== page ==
Science

Boeing will redo botched test for Starliner crew capsule

Boeing said Monday it will repeat a test flight of its astronaut capsule following last year's botched demo, considered a perilous close call by NASA.

Investigation found capsule could have been destroyed twice due to errors in December flight

In this Dec. 19, 2019, file photo, Boeing's first Starliner spacecraft sits on top of a United Launch Alliance Atlas 5 rocket before a botched, unmanned test flight that was considered a perilous close call by NASA. Boeing said Monday, April 6, 2020, it will repeat a test flight. (Terry Renna/Associated Press)

Boeing said Monday it will repeat a test flight of its astronaut capsule following last year's botched demo, considered a perilous close call by NASA.

Boeing spokesman Jerry Drelling said the company is looking to fly a second Starliner capsule, once again without a crew, possibly this fall. If that goes well, then astronauts will climb aboard on the following mission.

The Starliner's debut last December was marred by software errors. The capsule ended up in the wrong orbit and, as a result, could not reach the International Space Station as intended. Investigators later determined the capsule could have been destroyed in flight — twice — as a result of the mistakes.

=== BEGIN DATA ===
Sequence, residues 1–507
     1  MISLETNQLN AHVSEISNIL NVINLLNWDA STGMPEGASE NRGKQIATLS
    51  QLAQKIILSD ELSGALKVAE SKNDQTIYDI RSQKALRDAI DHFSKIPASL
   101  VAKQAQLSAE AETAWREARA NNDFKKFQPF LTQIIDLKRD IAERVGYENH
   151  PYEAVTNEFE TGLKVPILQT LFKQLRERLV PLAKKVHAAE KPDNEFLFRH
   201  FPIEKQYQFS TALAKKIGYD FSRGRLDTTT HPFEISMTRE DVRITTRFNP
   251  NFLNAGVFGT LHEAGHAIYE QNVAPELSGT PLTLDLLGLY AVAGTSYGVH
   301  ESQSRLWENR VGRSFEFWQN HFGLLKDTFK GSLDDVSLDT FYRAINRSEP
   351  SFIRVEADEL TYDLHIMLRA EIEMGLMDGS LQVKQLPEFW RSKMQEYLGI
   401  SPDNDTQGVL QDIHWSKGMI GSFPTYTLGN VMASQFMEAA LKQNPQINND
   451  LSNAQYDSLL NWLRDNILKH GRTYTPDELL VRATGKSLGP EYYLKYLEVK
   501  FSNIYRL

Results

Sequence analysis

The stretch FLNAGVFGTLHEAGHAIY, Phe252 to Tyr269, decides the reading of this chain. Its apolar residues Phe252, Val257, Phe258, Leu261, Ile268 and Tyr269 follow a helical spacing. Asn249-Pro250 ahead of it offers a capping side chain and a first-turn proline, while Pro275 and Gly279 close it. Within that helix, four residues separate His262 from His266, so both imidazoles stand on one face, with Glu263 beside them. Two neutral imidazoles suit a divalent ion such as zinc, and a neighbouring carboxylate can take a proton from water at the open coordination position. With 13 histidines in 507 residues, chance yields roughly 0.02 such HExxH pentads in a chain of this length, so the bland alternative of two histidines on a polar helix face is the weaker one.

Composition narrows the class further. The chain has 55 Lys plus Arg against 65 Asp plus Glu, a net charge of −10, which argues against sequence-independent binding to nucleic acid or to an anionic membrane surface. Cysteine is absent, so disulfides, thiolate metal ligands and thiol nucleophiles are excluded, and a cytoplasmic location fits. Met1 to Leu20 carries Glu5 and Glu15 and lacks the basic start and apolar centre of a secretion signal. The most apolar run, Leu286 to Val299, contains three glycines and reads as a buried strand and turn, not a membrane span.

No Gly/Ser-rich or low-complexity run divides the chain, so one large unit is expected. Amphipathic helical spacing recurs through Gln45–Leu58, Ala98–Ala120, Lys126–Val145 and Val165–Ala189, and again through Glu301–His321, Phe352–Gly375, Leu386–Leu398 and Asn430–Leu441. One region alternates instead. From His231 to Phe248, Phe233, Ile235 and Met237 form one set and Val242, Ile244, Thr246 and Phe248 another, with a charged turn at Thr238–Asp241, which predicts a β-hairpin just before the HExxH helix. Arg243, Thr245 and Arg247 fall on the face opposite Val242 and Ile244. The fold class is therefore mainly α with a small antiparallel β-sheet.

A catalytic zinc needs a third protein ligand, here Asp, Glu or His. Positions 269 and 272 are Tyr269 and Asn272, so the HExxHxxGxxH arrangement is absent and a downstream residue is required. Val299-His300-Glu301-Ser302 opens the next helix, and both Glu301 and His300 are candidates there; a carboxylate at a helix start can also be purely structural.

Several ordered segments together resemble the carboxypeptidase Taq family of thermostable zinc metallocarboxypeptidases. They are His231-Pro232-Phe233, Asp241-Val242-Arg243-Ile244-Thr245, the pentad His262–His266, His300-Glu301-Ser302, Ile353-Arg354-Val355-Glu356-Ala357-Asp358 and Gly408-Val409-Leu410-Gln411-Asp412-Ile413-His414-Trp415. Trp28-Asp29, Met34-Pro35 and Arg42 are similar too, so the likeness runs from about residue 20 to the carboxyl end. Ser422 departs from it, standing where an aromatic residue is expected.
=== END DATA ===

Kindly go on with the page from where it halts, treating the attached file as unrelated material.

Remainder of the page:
"Flying another uncrewed flight will allow us to complete all flight test objectives and evaluate the performance of the second Starliner vehicle at no cost to the taxpayer," the company said in a statement.

Boeing said earlier this year that it took a $410 million US ($575 million Cdn) charge in its fourth-quarter earnings, to pay for a potential repeat.

In this long exposure photo, the United Launch Alliance Atlas V rocket carrying the Boeing Starliner crew capsule lifts off on an orbital flight test to the International Space Station from Space Launch Complex 41 at Cape Canaveral Air Force station on Dec. 20, 2019. The capsule ended up in the wrong orbit and could not continue to the space station. (Terry Renna/The Associated Press)

NASA hired Boeing — along with SpaceX — to transport astronauts to and from the space station, and ease the space agency's costly reliance on Russian rockets for launching crews.

SpaceX is on track to launch two NASA astronauts aboard its Dragon crew capsule next month. It will be the first human launch from Cape Canaveral since NASA's space shuttle program ended in 2011. The company is shooting for mid-to-late May.

SpaceX's first test flight of its crew Dragon a year ago, without a crew, was successful.

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